The weekend of March 3 and 4 will mark the 11th Annual GFAA Fine Arts Fair at Tioga, located at the Tioga Town Center on 133 SW 130th Way in Newberry. The event, which regularly draws crowds of thousands, is supported by the Gainesville Fine Arts Association, a non-profit organization that began in 1923 with three members and has since grown to over 350 members.
The festival will include around 110 carefully selected national artists with works ranging from acrylics and oils to stained glass and jewelry. In addition to the artists, visitors can enjoy the Martin Kids Dental Kids Zone, Blue Highway pizza, performances from O2B Kids and Sun Country kids, local bands The Collective and L.J. Percussion and much more.
“This festival is about enjoying art and experiencing what talented artists do,” said Karen Koegel, who has served as the GFAA’s president for the last four years. “To me, anybody would enjoy an art show. You get to see art, listen to music and live entertainment all weekend.”
While several artists will be returning to show and sell their works, there will also be some new names. Many are GFAA members, but there are some from outside of Gainesville and Florida itself. The artwork will be examined by two judges from the Annette Howell Turner Center for the Arts in Georgia and winning artists will receive ribbons and cash prizes.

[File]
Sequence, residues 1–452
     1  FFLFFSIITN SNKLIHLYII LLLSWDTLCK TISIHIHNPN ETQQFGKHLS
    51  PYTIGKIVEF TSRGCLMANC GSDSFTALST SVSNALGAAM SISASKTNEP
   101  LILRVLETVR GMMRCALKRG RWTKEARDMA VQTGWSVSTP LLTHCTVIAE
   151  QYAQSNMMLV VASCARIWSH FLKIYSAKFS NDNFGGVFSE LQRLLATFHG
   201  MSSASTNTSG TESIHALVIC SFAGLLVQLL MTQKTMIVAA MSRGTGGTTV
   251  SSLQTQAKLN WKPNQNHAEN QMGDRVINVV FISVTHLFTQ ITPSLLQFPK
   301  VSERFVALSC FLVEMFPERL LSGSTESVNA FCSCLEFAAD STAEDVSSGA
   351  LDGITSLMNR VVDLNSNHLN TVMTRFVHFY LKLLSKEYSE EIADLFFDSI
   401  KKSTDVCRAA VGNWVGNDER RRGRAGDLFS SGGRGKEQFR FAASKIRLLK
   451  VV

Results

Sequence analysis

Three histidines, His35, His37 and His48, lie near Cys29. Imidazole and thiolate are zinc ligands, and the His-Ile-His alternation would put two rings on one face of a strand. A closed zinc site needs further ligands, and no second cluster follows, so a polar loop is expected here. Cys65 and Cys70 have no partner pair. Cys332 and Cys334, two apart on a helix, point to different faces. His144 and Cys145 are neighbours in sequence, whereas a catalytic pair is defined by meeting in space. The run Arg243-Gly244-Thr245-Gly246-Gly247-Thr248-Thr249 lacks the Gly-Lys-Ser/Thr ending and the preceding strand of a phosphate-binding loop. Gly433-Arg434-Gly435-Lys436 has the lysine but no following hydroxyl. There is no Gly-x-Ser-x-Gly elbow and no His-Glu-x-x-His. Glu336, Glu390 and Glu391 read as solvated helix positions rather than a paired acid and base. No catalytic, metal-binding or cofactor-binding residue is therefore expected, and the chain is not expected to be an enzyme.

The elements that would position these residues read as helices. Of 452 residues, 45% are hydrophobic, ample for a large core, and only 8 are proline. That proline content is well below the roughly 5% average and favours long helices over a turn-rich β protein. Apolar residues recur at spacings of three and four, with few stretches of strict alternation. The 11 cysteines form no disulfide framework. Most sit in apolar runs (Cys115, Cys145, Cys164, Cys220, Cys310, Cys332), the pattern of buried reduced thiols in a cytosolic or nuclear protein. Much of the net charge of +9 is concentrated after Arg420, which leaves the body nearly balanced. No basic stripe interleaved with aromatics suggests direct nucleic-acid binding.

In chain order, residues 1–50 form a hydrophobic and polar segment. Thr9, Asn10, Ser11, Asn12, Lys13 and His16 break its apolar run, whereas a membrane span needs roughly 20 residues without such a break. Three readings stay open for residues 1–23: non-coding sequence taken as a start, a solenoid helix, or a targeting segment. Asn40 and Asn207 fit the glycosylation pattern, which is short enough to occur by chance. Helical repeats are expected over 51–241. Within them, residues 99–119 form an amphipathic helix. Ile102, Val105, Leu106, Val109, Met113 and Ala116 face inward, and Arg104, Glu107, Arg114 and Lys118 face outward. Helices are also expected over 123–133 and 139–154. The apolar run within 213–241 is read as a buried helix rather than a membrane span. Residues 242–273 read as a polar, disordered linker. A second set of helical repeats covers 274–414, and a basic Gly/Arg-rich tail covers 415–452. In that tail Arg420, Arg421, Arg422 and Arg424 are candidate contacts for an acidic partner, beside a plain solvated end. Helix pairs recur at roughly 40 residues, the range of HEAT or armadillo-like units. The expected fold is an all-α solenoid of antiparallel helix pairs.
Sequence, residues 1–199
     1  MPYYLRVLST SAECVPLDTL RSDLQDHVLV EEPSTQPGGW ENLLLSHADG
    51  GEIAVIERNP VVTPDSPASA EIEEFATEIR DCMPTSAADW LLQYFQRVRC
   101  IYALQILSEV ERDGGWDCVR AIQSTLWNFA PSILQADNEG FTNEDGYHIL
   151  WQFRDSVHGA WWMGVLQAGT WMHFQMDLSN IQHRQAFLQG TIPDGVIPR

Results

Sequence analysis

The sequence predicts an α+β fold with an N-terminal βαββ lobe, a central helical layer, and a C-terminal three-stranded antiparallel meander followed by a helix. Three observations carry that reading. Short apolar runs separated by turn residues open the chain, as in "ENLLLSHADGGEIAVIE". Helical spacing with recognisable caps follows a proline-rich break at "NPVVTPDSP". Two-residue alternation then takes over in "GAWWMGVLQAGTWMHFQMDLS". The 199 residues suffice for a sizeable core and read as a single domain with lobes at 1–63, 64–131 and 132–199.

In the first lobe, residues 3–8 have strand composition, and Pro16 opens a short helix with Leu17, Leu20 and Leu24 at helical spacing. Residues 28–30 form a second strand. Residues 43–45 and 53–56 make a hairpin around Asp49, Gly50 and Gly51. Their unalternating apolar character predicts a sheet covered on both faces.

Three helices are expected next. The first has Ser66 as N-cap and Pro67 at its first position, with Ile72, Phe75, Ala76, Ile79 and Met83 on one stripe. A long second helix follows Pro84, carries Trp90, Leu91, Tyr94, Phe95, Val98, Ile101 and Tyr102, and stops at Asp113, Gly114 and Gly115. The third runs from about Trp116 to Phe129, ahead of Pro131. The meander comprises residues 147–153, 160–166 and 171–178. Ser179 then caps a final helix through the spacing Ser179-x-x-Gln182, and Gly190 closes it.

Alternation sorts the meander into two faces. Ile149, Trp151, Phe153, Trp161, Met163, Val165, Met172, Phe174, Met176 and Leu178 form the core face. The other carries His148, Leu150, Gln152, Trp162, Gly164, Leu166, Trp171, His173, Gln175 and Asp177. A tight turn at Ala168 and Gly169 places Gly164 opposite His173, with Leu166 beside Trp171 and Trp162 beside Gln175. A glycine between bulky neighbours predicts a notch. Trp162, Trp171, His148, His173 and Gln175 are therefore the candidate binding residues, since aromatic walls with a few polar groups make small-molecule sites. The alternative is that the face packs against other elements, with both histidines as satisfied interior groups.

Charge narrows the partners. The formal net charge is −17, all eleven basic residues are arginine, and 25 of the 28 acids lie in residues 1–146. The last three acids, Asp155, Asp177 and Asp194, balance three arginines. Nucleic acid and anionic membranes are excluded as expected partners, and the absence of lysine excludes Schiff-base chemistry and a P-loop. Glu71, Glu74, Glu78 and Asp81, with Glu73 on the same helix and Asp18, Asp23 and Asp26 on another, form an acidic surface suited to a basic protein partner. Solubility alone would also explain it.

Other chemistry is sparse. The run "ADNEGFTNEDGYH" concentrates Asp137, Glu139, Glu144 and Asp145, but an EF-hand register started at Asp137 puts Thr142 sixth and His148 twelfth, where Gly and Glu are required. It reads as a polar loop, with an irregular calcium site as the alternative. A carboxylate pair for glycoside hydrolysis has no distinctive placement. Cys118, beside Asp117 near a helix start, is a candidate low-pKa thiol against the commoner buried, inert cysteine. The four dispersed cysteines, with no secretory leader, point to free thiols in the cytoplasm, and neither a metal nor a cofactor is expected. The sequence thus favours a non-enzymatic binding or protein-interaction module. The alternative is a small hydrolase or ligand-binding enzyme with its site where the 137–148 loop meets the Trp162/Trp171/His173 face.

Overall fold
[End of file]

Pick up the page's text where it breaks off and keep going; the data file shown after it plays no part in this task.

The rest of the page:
“I’m always excited to see new artists blend with the returning artists,” Koegel said. “Some of the artists will actually be doing their craft at their tents too. There’s always some kind of art energy at this fair.”
Each year, Koegel chooses an artist of a different medium to be featured on the fair’s poster. This year, that artist is wood turner and GFAA member, Chris Tatum.
“I picked Chris because I’ve been following him for five years, and his work has just become more and more magnificent,” Koegel said. “I try to highlight somebody whose work will catch the eye, and his work does.”
Originally from Hialeah, Tatum moved to Gainesville in 1978 and pursued a career in construction. From his experience in the field, he became fascinated by wood working and quickly began acquiring tools, including a wood lathe.
In 2012, Tatum saw his passion for wood turning as an art form as opposed to being solely utilitarian and began showing pieces at area art fairs with the help of his wife.
“A couple of times I went with her, and the reactions blew me away,” Tatum said. “People have a really emotional reaction to my pieces, whether it’s the beauty of them or memories of a father or grandfather who also turned wood.”
Tatum draws inspiration from nature and never recreates a piece, often using different local wood. In his five years as a practicing artist, he has created 30 segmented works and thousands of bowls, 40 of which will be for sale at the festival. The three works featured on the poster are made of maple, oak and ash woods and finished in lacquer.
“I came up with the shapes and the coloring through experimentation,” Tatum said. “I’m still learning and always trying to make new things, so each one is basically trial and error and figuring out how different stains take to different woods.”
This year marks Tatum’s fifth as a returning artist to the fair, and he explained his excitement to come back as the poster artist.
“I was totally shocked and humbled by it,” Tatum said. “I’m always excited to see the reaction and if people are going to like or dislike it. I get a lot of people who come through the booth, and it encourages me as an artist to get that positive reaction and work harder.”
If you are interested in seeing Tatum’s work at the fair, his booth – booth number four – will be set up across from the Blue Highway pizza truck.
By Haley Clement